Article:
Gov. Doug Burgum, R-N.D., is urging TC Energy to “review its pipeline inspection and monitoring programs” after a portion of the Keystone Pipeline leaked on Thursday, spilling an estimated 9,120 barrels of oil near Edinburg.
Burgum said he “received assurances” from the Canada-based company that it would continue to “clean up and remediate the site as thoroughly and quickly as possible,” according to a statement on Friday.
Although the leak has been contained to the area, about 22,500 square feet of vegetation and soil within the wetland region was affected. Drinking water sources remained unharmed, according to Karl Rockeman, director of North Dakota’s Division of Water Quality.
“The company has the spill contained and nothing is moving off-site,” State Environmental Quality Chief Dave Glatt said, adding that about 4,200 gallons of crude oil have been recovered.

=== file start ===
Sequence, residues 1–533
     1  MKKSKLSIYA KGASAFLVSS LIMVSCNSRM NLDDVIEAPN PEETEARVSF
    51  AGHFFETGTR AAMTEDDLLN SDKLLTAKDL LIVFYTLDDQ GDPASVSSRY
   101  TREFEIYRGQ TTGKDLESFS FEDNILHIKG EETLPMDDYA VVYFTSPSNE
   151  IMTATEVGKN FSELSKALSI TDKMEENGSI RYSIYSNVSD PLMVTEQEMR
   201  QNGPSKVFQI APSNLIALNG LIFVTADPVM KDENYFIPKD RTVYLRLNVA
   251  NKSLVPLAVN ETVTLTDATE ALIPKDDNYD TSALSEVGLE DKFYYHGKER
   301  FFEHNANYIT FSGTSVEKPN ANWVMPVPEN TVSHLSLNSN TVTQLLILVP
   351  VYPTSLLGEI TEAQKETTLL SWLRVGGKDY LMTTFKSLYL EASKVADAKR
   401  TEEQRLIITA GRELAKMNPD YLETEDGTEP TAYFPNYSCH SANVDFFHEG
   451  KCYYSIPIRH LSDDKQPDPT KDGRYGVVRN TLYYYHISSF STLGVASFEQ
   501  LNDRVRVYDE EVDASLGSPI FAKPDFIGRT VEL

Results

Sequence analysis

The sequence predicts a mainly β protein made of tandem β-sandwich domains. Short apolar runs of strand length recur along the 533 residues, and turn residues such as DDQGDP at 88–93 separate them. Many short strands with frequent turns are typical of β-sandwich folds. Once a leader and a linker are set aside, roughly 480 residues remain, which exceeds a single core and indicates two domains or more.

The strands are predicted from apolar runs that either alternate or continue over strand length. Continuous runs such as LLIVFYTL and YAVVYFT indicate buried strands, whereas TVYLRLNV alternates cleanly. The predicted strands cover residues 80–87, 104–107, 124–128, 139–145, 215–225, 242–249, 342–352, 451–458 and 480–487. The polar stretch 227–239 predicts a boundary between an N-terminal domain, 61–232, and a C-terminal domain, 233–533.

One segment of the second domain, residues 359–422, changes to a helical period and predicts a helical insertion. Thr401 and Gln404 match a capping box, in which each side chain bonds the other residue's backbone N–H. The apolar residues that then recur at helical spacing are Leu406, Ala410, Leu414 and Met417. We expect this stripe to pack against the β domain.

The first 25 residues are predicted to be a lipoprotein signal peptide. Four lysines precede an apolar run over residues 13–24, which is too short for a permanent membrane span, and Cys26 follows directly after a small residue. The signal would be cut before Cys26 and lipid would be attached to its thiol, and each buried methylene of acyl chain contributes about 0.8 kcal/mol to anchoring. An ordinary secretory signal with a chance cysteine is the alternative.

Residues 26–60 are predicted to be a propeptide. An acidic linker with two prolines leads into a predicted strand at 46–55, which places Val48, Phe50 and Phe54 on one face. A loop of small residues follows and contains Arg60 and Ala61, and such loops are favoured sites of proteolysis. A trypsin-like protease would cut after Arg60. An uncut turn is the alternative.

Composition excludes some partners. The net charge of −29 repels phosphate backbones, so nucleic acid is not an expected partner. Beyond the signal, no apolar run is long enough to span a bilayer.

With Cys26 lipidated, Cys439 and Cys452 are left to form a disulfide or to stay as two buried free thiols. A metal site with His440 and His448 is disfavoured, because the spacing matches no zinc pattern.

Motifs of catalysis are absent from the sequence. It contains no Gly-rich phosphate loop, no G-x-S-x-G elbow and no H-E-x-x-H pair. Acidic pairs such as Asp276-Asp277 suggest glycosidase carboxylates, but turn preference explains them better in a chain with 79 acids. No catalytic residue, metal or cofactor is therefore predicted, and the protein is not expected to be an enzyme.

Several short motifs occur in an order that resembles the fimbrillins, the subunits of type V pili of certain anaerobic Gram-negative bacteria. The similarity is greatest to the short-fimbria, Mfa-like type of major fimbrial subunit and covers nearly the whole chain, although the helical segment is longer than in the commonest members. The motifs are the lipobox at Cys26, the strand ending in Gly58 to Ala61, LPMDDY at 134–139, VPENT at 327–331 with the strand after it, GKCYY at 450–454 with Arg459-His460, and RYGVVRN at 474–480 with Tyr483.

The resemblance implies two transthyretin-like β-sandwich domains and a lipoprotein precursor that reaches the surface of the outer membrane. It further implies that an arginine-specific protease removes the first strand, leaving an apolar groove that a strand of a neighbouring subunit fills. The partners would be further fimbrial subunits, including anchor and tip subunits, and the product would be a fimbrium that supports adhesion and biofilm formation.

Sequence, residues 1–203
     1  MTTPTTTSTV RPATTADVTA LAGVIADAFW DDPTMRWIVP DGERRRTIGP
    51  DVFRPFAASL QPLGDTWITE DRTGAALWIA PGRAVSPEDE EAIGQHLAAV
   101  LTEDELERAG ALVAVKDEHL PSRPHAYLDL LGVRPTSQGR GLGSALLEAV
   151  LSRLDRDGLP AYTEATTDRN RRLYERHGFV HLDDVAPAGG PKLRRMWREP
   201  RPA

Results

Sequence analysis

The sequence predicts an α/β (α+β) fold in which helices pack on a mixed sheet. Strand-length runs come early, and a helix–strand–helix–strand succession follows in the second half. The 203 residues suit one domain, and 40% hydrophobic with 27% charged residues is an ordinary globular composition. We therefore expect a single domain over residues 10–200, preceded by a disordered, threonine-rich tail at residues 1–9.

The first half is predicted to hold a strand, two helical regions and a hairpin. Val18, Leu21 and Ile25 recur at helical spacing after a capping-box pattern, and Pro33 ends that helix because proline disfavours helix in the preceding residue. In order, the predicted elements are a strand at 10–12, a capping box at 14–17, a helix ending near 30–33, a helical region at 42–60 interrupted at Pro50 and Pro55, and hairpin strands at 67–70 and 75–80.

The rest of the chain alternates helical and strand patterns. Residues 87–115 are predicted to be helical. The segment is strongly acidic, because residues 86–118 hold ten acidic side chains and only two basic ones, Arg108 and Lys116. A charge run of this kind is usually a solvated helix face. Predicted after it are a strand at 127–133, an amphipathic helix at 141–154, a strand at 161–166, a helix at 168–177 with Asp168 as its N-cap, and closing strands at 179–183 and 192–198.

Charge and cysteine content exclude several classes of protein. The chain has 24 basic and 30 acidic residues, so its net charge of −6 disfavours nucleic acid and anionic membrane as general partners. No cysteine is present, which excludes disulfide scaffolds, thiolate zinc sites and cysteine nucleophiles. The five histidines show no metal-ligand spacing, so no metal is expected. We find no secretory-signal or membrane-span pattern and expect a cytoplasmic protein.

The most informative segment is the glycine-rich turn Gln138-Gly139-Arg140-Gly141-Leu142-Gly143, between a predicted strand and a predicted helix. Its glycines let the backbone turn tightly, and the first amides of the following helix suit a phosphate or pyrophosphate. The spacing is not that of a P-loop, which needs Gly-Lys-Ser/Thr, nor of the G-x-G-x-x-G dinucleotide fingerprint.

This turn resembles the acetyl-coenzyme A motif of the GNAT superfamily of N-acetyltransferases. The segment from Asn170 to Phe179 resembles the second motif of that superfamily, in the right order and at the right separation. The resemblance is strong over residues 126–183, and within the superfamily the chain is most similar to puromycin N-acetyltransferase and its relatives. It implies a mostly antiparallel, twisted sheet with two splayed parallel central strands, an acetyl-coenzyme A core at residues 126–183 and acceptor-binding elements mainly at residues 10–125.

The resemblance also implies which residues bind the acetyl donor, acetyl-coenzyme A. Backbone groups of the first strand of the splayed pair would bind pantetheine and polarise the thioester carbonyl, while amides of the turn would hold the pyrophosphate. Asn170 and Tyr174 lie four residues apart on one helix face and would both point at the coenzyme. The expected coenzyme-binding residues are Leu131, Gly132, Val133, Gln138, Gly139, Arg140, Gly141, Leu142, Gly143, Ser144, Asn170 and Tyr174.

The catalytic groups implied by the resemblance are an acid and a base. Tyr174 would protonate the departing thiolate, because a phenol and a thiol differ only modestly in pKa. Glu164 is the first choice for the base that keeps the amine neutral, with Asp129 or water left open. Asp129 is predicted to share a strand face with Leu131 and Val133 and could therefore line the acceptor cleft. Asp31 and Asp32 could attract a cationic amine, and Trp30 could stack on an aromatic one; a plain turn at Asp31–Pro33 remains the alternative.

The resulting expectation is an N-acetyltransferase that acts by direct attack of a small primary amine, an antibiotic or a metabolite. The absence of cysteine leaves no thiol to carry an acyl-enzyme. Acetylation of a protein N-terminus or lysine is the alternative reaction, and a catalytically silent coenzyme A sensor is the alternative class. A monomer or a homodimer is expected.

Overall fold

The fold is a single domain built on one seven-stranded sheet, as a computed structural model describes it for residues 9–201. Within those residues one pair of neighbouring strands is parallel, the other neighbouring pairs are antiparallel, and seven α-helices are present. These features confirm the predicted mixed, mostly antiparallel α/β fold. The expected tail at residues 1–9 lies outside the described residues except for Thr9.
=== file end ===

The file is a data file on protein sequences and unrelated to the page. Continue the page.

The pipeline and the roads surrounding it remained closed on Friday and personnel worked to remove the visible oil and affected soil in the area. Workers are also expected to dig up a portion of the $5.2 billion underground pipeline within the next few days to inspect it, as the cause of the spill is still unknown.
The pipeline, which opened in 2011 to transport crude oil across Saskatchewan and Manitoba and through North Dakota, South Dakota, Nebraska, Kansas and Missouri on the way to refineries in Patoka, Ill., and Cushing, Okla., can handle about 23 million gallons a day.
TC Energy said an operations control center detected a drop in pressure at around 10:20 p.m. on Oct. 29 and immediately notified state and federal regulators, including the Pipelines and Hazardous Materials Safety Administration (PHMSA) and the National Response Center (NRC) as they began to shut down the pipeline and contain the spill.
The Associated Press contributed to this report.